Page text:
Rob Portman for the GOP veep? Not if 2008 is any guide
Two-thirds of state Republican Party chairs and members of the Republican National Committee say Sen. Rob Portman (R) is both the best and most likely veep pick for Mitt Romney. But it's still early.
Washington — Sen. Rob Portman (R) of Ohio is the insider favorite to ride shotgun on Mitt Romney's presidential campaign. Taking a look back at the 2008 veepstakes, however, helps demonstrate that the conventional wisdom on vice-presidential picks is almost always wrong.
First, let's establish how much of a front-runner Senator Portman is at this point. Two-thirds of state Republican Party chairs and members of the Republican National Committee polled by online news site BuzzFeed said Portman was both the best and most likely pick. Several notable political columnists have singled out Portman. A National Journal poll from earlier this month showed Portman the choice of 15 percent of Republican insiders versus Florida Sen. Marco Rubio (R) at 22 percent, while online prediction market Intrade shows the two senators knotted with 15 percent probability of getting the nomination.
Of course, there's a wide difference between 66 percent and 15 percent. The former is as close as you can get to a political slam dunk. The latter is more like a contested three-pointer.
For Mr. Obama, then-Gov. Kathleen Sebelius of Kansas was in the driver's seat. For Senator McCain, it was then-Gov. Tim Pawlenty of Minnesota. According to The Fix, The Washington Post politics blog run by Chris Cillizza that's as good an aggregator of inside D.C. opinion as any, the rest of the Top 5 veep candidates were as follows:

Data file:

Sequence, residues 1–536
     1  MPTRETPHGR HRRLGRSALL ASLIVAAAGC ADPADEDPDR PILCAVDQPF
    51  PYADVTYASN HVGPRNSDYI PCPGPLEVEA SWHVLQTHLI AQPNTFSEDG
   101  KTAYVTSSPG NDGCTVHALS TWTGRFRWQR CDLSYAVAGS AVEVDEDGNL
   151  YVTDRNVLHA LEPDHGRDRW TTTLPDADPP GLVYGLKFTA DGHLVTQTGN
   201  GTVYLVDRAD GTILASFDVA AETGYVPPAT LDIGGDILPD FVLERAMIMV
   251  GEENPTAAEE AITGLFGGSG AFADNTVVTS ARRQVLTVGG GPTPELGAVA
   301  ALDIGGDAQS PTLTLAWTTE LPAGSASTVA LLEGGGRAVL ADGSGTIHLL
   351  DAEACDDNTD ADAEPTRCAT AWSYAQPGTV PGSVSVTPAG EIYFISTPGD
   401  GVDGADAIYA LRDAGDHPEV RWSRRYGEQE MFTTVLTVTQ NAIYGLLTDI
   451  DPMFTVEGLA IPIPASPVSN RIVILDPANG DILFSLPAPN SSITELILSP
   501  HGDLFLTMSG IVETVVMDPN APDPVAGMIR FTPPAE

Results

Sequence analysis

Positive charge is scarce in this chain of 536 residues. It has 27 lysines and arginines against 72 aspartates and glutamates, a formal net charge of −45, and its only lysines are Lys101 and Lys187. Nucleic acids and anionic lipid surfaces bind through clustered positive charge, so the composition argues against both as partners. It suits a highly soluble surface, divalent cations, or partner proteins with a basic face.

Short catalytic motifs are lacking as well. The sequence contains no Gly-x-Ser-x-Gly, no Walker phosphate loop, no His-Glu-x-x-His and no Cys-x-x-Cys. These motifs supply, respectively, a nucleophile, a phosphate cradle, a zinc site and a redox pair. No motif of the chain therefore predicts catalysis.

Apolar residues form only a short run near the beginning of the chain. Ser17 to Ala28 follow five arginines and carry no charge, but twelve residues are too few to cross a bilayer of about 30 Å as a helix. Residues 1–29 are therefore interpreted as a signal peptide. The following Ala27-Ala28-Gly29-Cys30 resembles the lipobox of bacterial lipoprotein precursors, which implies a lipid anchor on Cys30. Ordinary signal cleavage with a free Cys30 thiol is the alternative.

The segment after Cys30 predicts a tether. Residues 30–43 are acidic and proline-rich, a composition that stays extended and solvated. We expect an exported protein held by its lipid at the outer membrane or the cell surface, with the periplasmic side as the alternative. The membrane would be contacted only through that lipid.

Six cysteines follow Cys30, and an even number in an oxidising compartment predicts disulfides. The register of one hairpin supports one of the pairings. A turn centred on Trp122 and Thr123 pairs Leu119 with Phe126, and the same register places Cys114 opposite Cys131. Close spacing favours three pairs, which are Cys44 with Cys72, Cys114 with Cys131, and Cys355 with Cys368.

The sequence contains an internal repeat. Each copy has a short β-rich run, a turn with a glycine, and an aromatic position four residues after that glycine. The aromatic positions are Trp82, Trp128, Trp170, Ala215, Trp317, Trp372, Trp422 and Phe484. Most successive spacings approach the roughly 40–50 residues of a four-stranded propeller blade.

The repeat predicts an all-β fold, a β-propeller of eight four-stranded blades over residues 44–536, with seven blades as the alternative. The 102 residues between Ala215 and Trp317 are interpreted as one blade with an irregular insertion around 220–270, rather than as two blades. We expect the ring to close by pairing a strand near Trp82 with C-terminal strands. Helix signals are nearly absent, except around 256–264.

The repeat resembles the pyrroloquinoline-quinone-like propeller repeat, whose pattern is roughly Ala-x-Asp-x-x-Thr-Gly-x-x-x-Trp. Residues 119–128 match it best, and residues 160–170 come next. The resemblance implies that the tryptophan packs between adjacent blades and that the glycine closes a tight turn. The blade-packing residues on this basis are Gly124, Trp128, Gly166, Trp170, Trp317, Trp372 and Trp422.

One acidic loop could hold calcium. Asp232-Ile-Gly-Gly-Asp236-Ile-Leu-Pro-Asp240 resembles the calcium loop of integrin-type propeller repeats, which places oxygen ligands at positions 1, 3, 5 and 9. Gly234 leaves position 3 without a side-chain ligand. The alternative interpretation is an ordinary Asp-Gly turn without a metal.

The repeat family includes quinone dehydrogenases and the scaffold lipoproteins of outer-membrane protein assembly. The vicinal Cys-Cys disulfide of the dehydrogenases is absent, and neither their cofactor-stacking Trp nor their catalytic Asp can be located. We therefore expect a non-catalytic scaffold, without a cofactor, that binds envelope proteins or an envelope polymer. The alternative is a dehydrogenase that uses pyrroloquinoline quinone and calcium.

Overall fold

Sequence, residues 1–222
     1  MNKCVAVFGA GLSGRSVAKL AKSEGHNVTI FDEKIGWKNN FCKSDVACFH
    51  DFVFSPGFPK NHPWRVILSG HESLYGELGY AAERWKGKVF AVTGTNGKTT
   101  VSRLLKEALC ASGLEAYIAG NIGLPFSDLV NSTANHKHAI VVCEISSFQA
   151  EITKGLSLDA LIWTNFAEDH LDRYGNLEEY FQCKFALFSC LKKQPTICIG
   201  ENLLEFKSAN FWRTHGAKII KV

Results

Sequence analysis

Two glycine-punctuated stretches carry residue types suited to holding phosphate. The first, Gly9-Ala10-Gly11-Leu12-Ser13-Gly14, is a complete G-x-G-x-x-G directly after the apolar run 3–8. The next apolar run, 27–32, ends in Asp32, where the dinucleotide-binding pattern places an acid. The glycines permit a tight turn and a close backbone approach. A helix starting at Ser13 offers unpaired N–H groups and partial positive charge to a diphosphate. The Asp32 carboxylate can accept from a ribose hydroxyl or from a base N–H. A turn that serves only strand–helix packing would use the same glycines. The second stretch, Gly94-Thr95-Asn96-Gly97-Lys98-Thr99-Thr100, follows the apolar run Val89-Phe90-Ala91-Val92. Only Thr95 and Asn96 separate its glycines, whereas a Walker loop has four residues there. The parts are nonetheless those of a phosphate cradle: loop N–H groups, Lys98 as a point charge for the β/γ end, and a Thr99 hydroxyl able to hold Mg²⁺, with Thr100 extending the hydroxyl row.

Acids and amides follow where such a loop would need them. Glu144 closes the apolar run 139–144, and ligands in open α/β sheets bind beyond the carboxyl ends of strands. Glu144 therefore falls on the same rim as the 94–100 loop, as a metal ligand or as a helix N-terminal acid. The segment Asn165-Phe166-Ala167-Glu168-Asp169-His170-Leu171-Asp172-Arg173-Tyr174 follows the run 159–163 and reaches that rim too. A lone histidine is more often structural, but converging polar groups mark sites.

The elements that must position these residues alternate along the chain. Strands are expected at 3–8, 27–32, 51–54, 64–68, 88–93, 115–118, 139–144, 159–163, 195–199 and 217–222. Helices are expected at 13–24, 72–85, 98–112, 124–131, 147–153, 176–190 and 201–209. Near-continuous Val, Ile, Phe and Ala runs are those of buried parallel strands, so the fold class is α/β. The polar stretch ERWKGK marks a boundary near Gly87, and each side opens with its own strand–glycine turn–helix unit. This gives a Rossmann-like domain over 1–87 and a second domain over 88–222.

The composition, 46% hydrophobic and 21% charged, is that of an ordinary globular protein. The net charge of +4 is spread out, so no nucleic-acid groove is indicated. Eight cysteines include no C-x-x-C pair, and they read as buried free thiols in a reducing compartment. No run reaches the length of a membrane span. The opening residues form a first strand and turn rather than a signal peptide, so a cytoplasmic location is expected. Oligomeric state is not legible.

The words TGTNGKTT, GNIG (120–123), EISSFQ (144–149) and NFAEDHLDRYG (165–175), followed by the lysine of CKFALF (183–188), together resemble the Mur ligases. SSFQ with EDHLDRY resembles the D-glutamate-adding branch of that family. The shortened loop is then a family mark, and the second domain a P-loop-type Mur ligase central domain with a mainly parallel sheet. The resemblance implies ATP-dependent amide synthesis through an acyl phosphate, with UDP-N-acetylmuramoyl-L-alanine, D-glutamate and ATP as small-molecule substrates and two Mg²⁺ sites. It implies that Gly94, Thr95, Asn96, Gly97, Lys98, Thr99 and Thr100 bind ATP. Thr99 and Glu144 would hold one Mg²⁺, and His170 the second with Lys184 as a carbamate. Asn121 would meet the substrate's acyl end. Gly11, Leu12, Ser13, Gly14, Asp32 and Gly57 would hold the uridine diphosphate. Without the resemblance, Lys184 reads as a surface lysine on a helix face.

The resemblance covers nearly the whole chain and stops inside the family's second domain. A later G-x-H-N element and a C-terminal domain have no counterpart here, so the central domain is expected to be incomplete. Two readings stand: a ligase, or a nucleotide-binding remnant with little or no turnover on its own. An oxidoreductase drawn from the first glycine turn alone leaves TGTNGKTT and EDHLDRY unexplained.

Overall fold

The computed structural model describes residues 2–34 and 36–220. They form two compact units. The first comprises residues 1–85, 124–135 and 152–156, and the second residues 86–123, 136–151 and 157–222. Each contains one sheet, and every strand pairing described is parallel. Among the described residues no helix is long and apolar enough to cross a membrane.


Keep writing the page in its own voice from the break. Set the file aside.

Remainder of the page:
4. Tim Kaine, then governor of Virginia
3. Hillary Rodham Clinton
2. Ted Strickland, then governor of Ohio
5. Mitt Romney
4. Charlie Crist, then governor of Florida
3. Rob Portman
As you can see, not only did the front-runner from early in the 2008 process not make it, but the eventual picks weren't even in the Top 5.
Why is this? Presidential campaigns dig deep into the backgrounds of each prospective vice president, weighing his or her political résumé, personal story, and electoral prospects or drawbacks. (This third concept, however, hasn't been a strong determinant of VP picks over the past half century.)
Also, the prospective president has to be able to actually work with his or her vice president. Then there's the dark but serious prospect that Bill Clinton raised with adviser Paul Begala before Mr. Clinton selected Al Gore. "Why pick him?" Mr. Begala asked. "Because Paulie," Clinton said, "I might die."
This test, Begala says, all but guarantees Portman's selection to the second line on the Romney ticket. But whether a presidential candidate feels that the VP pick would pass this ultimate test isn't something we're likely to see hashed out in the public space.
As the candidates take their turns at Mr. Romney's side, he will probably develop a deeper sense of what makes these candidates tick well away from the eyes of insiders of all kinds. For example, Portman has worked next to Romney in Ohio, while Rep. Paul Ryan (R) of Wisconsin stumped with Romney before the Wisconsin primary.
Still not convinced of the mercurial and unpredictable nature of the veepstakes? Consider how quickly Senator Rubio's fortunes have changed. Although he's stumping with Romney in Pennsylvania on Monday in what some consider to be a vice-presidential tryout, Florida's junior senator was the pick to click by 60 percent of Republican insiders last October.